We usually define a solar system by the structure that has a single star in the center and planets revolving around it. But once again, nature is there to prove to us that exceptions can be made. The GW Orionis (or GW Ori) solar system from the Orion constellation is the new attraction point for astronomers, as it’s home to not one, but three stars.
Two suns from the GW Orionis are orbiting one another at the center, while a third star is swirling around the other two. The solar system features three bright rings of planet-forming dust, and astronomers had been using them to detect GW Orionis.
Young planet existing under the dust?
Closer observations of astronomers reveal that a young planet could be forming itself beneath the solar system’s dust. There are several clues that point to the possible existence of a planet: one of them is the wobbling around of the system’s inner ring.
Nienke van der Marel, who’s an astrophysicist from the University of Victoria in Canada, declares:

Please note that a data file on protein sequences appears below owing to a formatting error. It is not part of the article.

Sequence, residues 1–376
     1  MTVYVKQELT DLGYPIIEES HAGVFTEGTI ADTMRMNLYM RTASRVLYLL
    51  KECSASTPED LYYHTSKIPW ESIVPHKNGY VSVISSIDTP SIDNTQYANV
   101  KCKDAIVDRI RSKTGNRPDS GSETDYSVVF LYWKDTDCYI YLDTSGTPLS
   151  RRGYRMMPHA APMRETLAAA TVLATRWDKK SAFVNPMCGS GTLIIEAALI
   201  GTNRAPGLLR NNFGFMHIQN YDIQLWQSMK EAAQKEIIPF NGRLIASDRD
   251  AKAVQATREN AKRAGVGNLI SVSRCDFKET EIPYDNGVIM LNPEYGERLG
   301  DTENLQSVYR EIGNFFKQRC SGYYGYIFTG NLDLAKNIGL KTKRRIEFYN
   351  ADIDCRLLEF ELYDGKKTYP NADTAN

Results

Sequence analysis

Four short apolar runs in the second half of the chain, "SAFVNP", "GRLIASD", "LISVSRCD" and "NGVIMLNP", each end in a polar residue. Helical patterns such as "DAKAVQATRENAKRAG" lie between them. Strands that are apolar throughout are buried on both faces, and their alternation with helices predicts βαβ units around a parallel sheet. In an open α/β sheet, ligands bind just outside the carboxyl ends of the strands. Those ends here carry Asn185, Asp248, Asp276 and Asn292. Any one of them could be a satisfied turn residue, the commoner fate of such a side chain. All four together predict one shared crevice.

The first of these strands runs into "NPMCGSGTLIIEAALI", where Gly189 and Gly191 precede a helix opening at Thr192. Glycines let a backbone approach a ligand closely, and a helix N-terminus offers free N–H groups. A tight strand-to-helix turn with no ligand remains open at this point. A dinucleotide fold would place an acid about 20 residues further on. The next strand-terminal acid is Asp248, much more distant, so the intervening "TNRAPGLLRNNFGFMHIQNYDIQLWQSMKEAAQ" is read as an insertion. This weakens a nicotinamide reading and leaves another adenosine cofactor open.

Our simulations show that the gravitational pull from the triple stars alone cannot explain the observed large misalignment [in the rings],
We think that the presence of a planet … has likely carved a dust gap and broken the disk [where the inner and outer rings meet].
Stefan Kraus, professor of astrophysics at the University of Exeter in the U.K, declared:
The inner ring contains enough dust to build 30 Earths, which is sufficient for a planet to form in the ring,
The claim of the existence of a planet within GW Orionis still needs further observations for confirmation. If the answer is positive, the planet will become the only known one that orbits three stars simultaneously.